Jack Dolph is the pseudonym of John Mather Dolph (1895-1962). He was a race horse trainer, an American writer of pulp crime novels, radio producer, television scriptwriter, and actor. He published five mysteries between 1948 and 1953, mostly about horseracing, then turned his attention to radio and television.
His first book, Odds-On Murder (William Morrow, 1948), introduces James Connor, MD, a recent veteran still recovering from the trauma of the war and lacking motivation to do much of anything. He has taken up a lackadaisical medical practice in New York City, seeing patients in his apartment/office in a questionable part of town. Doc is known to be willing to treat anyone, regardless of their status with the police, making him one of the few people the less law-abiding denizens of the neighborhood feel safe with, which is how he is pulled into the aftermath of the murder of a smalltime grifter. In practically no time, he is in trouble with his good friend, Eddie Marsh, a homicide lieutenant; frightening his girlfriend Katie Storm, a popular radio host; and swept off at gun point to perform surgery on a grievously wounded young man in an isolated country house with only a few medical instruments and pans of boiling water. Somewhere in there he figures out who actually committed the murder.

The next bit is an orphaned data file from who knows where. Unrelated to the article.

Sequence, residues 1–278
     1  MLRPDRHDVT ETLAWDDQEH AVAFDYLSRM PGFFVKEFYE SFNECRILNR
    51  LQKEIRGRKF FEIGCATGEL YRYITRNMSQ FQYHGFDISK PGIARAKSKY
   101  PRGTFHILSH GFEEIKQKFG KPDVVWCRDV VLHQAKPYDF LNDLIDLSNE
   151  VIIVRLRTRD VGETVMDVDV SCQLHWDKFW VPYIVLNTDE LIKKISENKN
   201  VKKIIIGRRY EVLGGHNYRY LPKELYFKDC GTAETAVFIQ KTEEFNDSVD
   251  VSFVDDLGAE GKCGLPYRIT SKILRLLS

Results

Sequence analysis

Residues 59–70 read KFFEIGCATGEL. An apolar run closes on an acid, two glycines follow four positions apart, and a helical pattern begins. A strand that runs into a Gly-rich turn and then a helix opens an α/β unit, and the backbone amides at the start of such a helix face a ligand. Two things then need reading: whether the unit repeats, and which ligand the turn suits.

The snapshot of daily New York City life in the 1940s was as absorbing as the story. Much of the detail surrounding horse racing was familiar, so that does not seem to have changed much. On the other hand, I was aghast when Doc said he had taken two adjacent apartments and inserted a door in the wall between them, so that he could use one as an office. I envisioned hair-raising conversations with the landlord. Either he actually bought the two apartments rather than renting them, or land owners and neighbors were considerably more relaxed about property damage then. Let’s not even think about building codes.
These period pieces always make me do a little research. Taxi dancers and dance halls were still around, although on their way out to disappear completely by 1960; the dancer mentioned here earned $16 a night, which is about $175 in 2021 US dollars. The ten thousand-dollar bills found on the victim would be worth about $110,000 now. (What does a thousand-dollar bill look like? I didn’t know one existed. It had Grover Cleveland on it and was discontinued in 1969.)
This initial title in the series was released a few times and then fell out of print for over 50 years. The first US edition came from William Morrow in 1948, then the 1949 UK edition from Boardman, who reprinted it in two more editions, 1950 and 1953. The Unicorn Mystery Book Club printed it in one volume in 1948 with Blood on the Bosom Devine by Thomas Kyd, I Am the Cat by Rosemary Kutak, and The Trial of Alvin Boaker by John Reywall. (I have never heard of any of these authors, more research ahead.) That was it until Coachwhip released it again in 2021.
I found this foray into pulp fiction well worth my time. Recommended for readers of the genre or those interested in mid-20th century mysteries.